In addition to that, I have a second line of defense, which is my cats. They will just run from anything, and at really astonishing speeds, too. Any burglar fool enough to enter my pad, is sure to be nervous already, and once an explosion of fur shoots from from the sofa to the kotatsu, making strange cries as it goes, they are sure to be startled, jump out of their skins, and turn tail, so to speak, and flee.

  • 0


    Great advice here. A safe is a good bet. Lots of those washed up in the Tsunami of 2011. Living in a rural area, I agree that the elderly are a great source of mutual security. I have have two larger dogs who go on rounds to make sure the elderly are safe. The people appreciate the dogs and say they feel secure having the dogs watch the neighborhood. The dogs know all the sounds of cars and delivery trucks and do not bark unless something is strange. One dog kept an eye on the home of a man who lived alone. The dogs also feel secure because the neighbors talk to them if they are outside. In return, the elderly watch all of our homes. As was suggested, we exchange food and drive them to the station or take them on errands. We also have cats, one of whom growls when strangers approach. I had a friend in Japan who had a dog and a DUCK. The duck was the meanest thing and would chase and actually bite any unannounced visitor.

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    a couple of guys trying to "buy any old - even broken - gold jewellery"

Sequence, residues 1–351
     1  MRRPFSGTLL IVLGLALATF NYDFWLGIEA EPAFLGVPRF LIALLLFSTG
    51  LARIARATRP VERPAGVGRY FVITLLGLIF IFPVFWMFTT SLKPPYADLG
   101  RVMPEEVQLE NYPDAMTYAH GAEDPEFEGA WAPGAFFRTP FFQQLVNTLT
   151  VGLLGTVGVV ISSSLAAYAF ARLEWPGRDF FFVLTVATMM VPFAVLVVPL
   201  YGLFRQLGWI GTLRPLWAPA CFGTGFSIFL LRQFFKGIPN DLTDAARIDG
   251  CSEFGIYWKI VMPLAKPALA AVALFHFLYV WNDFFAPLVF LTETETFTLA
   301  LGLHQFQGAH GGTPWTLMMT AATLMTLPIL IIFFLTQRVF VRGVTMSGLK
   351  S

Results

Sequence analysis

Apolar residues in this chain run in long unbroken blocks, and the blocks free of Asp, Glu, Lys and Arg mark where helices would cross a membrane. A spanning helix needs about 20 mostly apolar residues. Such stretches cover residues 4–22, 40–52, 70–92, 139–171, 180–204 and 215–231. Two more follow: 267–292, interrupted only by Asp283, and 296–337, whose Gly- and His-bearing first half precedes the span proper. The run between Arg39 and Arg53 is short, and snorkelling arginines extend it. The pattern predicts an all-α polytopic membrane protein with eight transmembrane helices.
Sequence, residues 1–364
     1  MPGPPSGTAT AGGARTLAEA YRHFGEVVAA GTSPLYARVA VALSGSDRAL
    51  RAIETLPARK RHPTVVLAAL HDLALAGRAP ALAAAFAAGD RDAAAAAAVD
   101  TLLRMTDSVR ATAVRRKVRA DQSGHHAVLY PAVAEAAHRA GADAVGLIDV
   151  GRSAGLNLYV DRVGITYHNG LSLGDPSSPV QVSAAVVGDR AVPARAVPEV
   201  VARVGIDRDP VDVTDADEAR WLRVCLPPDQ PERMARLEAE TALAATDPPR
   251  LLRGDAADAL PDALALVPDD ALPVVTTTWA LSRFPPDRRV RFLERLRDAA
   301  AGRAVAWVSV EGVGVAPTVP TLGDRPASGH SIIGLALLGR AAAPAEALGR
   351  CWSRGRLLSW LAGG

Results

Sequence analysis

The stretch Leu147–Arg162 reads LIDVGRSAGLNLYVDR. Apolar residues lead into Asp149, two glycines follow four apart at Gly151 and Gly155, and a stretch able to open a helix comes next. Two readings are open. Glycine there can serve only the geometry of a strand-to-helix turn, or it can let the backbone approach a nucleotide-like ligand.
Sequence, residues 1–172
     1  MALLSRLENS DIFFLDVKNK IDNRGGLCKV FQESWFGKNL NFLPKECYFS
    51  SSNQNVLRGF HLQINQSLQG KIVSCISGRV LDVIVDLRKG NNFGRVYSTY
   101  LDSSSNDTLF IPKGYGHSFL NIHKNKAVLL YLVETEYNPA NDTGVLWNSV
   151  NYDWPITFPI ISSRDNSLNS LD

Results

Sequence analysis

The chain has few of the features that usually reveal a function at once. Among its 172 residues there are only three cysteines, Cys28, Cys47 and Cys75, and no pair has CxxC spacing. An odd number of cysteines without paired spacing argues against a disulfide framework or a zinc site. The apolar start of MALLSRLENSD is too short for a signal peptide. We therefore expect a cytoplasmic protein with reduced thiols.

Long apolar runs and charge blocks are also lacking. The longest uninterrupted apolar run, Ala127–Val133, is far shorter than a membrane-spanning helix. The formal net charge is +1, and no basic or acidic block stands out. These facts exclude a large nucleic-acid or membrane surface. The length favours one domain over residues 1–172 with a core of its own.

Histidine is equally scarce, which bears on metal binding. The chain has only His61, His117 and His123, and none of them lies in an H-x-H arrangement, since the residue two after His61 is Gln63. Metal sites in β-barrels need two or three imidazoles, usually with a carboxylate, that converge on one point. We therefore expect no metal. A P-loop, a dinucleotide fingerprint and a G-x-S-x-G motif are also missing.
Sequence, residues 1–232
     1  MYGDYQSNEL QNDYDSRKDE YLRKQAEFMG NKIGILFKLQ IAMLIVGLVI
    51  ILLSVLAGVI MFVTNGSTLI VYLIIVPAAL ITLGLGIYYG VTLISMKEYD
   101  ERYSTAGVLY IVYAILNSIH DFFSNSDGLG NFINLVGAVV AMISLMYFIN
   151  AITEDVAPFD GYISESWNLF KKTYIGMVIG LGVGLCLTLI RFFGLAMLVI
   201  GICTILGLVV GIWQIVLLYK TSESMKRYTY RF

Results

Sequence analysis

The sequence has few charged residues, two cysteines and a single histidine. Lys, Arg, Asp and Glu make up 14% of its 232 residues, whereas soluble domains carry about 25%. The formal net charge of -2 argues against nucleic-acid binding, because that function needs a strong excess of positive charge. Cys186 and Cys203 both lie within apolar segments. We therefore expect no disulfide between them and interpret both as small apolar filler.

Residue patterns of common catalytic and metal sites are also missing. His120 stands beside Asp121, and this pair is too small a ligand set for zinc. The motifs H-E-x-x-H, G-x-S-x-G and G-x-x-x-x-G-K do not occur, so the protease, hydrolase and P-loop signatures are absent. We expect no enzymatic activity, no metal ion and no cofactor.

Those people are suspect....they came around our neighborhood, and after the initial spiel they start asking if you have a ring or something that you especially love, and if you'd show it to them...'design no benkyou ni narimasu ('to help me learn about design'). Eh? 'But your neighbors A-san, B-san and C-san already showed me their jewelry, why not show me yours?' Really??

    We have a dog, and he's good about only barking when something's up. However he's getting on in years, and I don't plan to have another pet after this one. If I'm in the US, he's in a kennel anyway, so not a deterrent when I need one most. Security system installation can be expensive but it's well worth it.

    Barring that, multiple locks on doors and double windows make it harder to get in, the houses in our old neighborhood that were broken into all had single pane windows. Another factor is not having hedges or walls so high that no one can see into your yard. This was the other category of houses that were broken into. The only risk to a burglar if the house is hidden is exposure when entering and leaving, which takes seconds...once inside the walls they can take their time. For the last break in they wore suits so when they were leaving they looked like salesmen coming out from a call.